Wow. So much has been happening over the past few weeks. Things are wrapping up, plans for the future are falling into place. Endings and beginnings, and still so much to experience in between. It’s been a little overwhelming for me to process internally, let alone channel those thoughts and experiences into blog posts. I’m working on it, and maybe I’ll let this blog see a little bit of what’s going on inside my head. After all, it is part of the experience, right?
But I’ll do that later. Today (and for the rest of this week), I’m going to focus on something simple and fabulous: food. As I’ve mentioned in previous posts, I love food. It’s one of my favorite ways to get to know a culture, or even a person.
I used to be a relatively picky eater. But, as I’ve adopted a new, “Why not eat it?” attitude, I eat (or at least sample) everything put in front of me. My time in Vietnam, especially in Can Tho, has been a culinary delight. I leave every meal satisfied but craving more. I’ve already talked about phở, and in this post I’m going to introduce you to some more of the exceptional meals I’ve consumed.
1. Nem nướng (grilled pork sausage).
Hands down, one of my favorite Vietnamese foods.
This is smoky grilled pork sausage, which is sliced and wrapped in rice paper along with lettuce, herbs, cucumber, pickled carrots, onion and corn, and rice noodle paper, and finally dipped in a silky peanut and chili sauce. Delectable. Once the sausage is gone, we dip the cucumbers and rice noodle paper in the sauce until every drop has been devoured. Oh, it’s just so good!!! … !!!!!
2. Cá lóc nướng (grilled snakehead fish).
In America, I hated fish. I had a really bad experience with salmon when I was little, so I subsequently avoided all fish. Here, as it is a significant part of the Vietnamese diet, I have developed an appreciation for fish and seafood. Especially snakehead fish, because the bones are so easily avoidable :)
Anyway, the cook skewers the snakehead fish through the mouth with a wet bamboo stick (and yes, the head really does look like a snake), grills it, slices it, and sprinkles it with a combination of peanuts and green onion. Then, everyone reaches eagerly with their chopsticks and, carefully bypassing the bones, snatches a morsel of the creamy fish, which we then wrap in rice paper with, again, lettuce, herbs, etc. This time, however, the roll is dipped in a sweet and tangy tamarind sauce.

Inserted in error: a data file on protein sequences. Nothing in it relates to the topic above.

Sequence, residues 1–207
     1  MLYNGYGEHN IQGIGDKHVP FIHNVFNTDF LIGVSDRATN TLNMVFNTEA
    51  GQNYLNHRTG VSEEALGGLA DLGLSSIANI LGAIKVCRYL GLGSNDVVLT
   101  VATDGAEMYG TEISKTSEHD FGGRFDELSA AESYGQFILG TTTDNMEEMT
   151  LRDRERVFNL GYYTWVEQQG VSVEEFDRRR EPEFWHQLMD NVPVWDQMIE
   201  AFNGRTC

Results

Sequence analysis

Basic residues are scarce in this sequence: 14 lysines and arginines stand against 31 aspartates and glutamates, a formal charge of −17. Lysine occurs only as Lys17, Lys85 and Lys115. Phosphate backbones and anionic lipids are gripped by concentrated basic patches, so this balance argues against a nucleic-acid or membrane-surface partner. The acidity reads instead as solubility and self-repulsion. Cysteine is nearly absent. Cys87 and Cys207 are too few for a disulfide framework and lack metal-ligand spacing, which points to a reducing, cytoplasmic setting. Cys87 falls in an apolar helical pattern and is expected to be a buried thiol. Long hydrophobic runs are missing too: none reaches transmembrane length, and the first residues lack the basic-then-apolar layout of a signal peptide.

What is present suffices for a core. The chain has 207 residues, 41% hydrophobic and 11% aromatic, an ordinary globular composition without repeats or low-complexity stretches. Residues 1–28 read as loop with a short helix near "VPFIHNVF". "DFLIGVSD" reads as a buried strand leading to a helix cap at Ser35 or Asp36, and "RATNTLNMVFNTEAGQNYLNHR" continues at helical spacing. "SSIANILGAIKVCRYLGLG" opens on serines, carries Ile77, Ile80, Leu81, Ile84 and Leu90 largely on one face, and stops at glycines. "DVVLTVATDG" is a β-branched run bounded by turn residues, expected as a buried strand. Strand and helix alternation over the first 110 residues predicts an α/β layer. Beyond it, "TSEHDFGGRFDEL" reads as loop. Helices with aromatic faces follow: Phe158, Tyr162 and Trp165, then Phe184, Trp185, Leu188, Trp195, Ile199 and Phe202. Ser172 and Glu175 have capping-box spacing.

3. Canh chua cá, or, below, canh chua tôm (sour soup with fish or shrimp).
This soup is made with tamarind, banana flower, pineapple, okra, a kind of spongy Vietnamese vegetable, shrimp or fish, herbs, and sauteed garlic, served over a bowl of rice. Classic. A little sour, a little sweet, a little savory, all entangled with the aroma of fresh seafood. It works.
4. Cơm tấm, or cơm sườn (Vietnamese pork chops over broken rice).
And finally, another Vietnamese dish that’s almost as famous and popular as phở.
In the interest of full disclosure, this picture was taken in Phnom Penh, but it was prepared by a Vietnamese immigrant so it counts. Thin slices of pork marinated in fish sauce, sugar, and garlic, then grilled and served (usually with egg and a dash of green onion) over broken rice, smothered in more garlic and fish sauce. The pork has a sweet and charred flavor, enhanced by the salt of the fish sauce and bite of the green onion. A side of sliced cucumber adds a delectable crunch. It’s usually accompanied by a bowl of clear soup, with specks of black pepper, chunks of orange and white carrot, and bits of green onion.
People prepare this dish usually around 6:00 in the morning or 3:00 in the afternoon. I’ll ride my bicycle down the street and see shirtless men standing on the sidewalk, fanning coals into flame, seizing dripping pieces of meat with long silver tongs and slapping them onto a blackened grill, flipping them expertly with one hand as the other rests casually on their hip. A fan blows the fragrant smoke out into the road for passersby to inhale. Hungry customers sit on small plastic stools at low plastic tables in clusters on the sidewalk, tearing the meat into bite-sized pieces with a fork and spoon. And I breathe in the scent of grilling meat and pull over for a meal.
This was just a taste (pun intended) of the amazing food I’ve been gorging myself on since I got here. There are so many other dishes and so many other options that I’d need a dozen more blog posts to cover them all. People told me I would lose weight in Asia. Psh. Clearly they don’t live in Can Tho!